3-7 Jun 2019 Barcelona (Spain)

By author > Molist Miquel

A story of bone strength. Goat mobility through cross-sectional properties and geometric morphometrics of long bones in tell Halula
Roger Alcàntara Fors  1, *@  , Josep Fortuny  2, *@  , Miquel Molist  1, *@  , Maria Saña  1, *@  
1 : Universitat Autònoma de Barcelona  (UAB)  -  Website
Departament de Prehistòria. Universitat Autònoma de Barcelona 08193 Bellaterra. -  Spain
2 : Institut Català de Paleontologia Miquel Crusafont  (ICP)  -  Website
Universitat Autònoma de Barcelona (UAB), Edifici ICTA-ICP, Carrer de les Columnes s/n, Campus de la UAB, 08193 Cerdanyola del Vallès, Barcelona. -  Spain
* : Corresponding author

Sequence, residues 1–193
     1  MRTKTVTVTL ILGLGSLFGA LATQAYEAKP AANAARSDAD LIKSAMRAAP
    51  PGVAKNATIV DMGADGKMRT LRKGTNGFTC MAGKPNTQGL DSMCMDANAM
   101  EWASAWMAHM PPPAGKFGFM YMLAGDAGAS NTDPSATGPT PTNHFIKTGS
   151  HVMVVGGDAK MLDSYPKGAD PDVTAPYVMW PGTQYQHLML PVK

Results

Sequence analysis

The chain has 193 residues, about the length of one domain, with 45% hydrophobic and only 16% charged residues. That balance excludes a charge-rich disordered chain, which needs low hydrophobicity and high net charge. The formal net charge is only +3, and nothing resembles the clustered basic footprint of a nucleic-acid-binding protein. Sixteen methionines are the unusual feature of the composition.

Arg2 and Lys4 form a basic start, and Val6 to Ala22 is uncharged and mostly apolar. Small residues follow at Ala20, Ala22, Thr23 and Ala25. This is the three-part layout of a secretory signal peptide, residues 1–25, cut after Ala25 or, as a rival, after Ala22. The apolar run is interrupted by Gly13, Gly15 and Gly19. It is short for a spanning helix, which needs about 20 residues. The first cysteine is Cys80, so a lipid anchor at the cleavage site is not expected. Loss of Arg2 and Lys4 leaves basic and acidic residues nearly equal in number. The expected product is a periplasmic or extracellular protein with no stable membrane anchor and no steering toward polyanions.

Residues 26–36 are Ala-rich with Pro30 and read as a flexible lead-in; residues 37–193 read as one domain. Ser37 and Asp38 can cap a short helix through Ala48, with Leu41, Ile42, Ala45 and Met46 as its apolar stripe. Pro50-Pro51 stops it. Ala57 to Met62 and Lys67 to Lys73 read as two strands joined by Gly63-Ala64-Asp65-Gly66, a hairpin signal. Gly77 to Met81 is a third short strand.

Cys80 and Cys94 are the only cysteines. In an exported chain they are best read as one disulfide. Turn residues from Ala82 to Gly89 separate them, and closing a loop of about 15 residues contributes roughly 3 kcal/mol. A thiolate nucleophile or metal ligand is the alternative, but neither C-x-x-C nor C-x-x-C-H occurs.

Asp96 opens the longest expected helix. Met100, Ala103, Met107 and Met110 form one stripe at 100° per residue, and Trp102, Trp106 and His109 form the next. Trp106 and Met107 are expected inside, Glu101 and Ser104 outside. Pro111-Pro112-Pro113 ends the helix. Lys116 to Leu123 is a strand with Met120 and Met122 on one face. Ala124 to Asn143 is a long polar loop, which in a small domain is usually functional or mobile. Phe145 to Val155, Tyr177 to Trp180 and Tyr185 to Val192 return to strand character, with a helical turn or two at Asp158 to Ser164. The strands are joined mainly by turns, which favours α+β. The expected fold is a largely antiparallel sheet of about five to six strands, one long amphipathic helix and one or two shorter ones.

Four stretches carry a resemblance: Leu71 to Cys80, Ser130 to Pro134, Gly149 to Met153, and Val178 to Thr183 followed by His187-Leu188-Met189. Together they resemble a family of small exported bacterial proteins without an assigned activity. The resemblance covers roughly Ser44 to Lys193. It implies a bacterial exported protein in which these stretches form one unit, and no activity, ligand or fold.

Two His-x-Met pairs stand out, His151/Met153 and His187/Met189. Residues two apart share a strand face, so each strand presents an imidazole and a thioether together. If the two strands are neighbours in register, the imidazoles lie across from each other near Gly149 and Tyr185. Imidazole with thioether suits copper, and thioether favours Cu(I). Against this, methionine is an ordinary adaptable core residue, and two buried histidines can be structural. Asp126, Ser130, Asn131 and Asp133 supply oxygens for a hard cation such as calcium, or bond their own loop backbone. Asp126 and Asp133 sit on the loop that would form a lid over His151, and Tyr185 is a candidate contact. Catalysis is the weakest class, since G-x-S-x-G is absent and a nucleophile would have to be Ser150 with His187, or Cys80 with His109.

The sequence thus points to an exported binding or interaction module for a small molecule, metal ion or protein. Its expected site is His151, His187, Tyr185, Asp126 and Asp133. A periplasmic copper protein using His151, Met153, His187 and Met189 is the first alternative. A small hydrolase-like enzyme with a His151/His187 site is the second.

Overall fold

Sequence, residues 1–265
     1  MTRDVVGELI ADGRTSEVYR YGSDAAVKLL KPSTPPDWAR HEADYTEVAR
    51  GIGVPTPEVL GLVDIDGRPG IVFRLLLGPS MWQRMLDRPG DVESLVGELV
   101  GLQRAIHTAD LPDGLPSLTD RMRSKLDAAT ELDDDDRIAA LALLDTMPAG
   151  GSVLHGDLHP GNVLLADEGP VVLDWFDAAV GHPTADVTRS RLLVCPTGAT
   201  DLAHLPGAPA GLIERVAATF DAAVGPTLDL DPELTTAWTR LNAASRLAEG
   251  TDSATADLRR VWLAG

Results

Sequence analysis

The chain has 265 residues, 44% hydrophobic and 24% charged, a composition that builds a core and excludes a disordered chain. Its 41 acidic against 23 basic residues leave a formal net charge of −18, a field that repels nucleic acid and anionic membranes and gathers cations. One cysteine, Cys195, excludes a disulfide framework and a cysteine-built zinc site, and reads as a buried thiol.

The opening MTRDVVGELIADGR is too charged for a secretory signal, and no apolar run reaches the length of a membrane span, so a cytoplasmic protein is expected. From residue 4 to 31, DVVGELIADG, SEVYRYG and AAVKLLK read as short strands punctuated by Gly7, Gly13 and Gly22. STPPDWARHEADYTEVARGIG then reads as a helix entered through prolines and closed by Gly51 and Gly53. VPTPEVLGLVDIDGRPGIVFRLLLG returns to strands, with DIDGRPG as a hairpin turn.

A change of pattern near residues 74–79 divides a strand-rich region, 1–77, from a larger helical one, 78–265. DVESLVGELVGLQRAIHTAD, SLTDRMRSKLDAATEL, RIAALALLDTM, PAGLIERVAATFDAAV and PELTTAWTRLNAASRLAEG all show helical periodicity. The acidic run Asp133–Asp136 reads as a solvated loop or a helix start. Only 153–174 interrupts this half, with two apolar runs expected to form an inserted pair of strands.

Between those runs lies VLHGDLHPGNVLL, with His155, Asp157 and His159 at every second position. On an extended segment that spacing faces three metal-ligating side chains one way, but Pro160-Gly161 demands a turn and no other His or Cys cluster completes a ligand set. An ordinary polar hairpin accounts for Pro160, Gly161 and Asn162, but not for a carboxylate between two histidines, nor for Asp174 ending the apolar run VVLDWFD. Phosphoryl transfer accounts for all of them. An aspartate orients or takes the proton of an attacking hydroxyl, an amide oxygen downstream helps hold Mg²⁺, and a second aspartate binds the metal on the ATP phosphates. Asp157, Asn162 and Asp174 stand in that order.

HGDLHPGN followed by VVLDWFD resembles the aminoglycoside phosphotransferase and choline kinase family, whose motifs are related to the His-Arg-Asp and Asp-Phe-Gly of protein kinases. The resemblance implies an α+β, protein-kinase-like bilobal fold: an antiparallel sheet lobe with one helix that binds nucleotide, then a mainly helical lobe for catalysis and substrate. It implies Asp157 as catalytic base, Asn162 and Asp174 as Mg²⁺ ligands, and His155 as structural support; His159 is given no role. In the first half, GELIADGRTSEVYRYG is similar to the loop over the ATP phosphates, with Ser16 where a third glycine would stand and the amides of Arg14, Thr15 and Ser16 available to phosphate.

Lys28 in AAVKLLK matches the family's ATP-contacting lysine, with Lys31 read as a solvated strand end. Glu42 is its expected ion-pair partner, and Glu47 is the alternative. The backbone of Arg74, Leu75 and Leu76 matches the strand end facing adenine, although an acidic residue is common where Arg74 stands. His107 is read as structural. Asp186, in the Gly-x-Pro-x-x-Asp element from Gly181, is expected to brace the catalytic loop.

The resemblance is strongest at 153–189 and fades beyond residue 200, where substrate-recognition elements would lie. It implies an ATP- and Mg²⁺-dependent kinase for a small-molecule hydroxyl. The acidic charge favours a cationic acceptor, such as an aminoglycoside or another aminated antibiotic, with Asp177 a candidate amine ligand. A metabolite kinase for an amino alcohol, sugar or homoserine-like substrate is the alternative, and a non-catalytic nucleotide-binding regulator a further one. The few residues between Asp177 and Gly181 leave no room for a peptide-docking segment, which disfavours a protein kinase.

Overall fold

Deepening our knowledge on animal mobility and activity patterns is a key step to develop and propose consistent hypothesis on the different animal management strategies that ancient societies might have adopted on the road to domestication. Animal health, feeding strategies and herd mobility are closely related questions of maintenance and management strategies which refer not only to the welfare of the animals but also to human knowledge, collective conscience and social organization. Nonetheless, this is a matter largely discussed from traditional archaeozoology for a long time and, more recently, also addressed from the stable isotope analyses perspective and other disciplines. In the recent years, geometric morphometrics have been an upcoming and outstanding methodology to register and study physical changes in bone tissue related to the processes of domestication and, at the same time, a first step into documenting biomechanical features to differentiate between wild and domestic species while being mostly focused on tooth or complete bones. In this communication, we address bone adaptation and remodeling as a reaction to physical stress, thus registering and studying bone tissue differential growth as a consequence of the animals' activity levels and adaptation to their human controlled environment. In this sense, CT scanning was used to digitize a sample of goat long bones from the site of tell Halula and obtain cross-sectional data. Image data was scaled through geometric morphometrics and physical properties of the bones cross-section were calculated to characterize bone resistances to compression, bending and torsional forces. Results support intensity and directional loading differences among wild and domestic populations and among domestic herds that might be related to concrete management strategies.

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